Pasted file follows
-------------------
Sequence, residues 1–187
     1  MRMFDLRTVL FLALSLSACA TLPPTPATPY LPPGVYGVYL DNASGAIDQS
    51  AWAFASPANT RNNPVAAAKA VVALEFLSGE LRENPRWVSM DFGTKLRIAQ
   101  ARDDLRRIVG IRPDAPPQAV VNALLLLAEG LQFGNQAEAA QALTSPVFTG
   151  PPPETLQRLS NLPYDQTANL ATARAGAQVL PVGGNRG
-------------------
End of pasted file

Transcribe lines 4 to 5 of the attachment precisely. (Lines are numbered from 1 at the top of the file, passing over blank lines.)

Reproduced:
   101  ARDDLRRIVG IRPDAPPQAV VNALLLLAEG LQFGNQAEAA QALTSPVFTG
   151  PPPETLQRLS NLPYDQTANL ATARAGAQVL PVGGNRG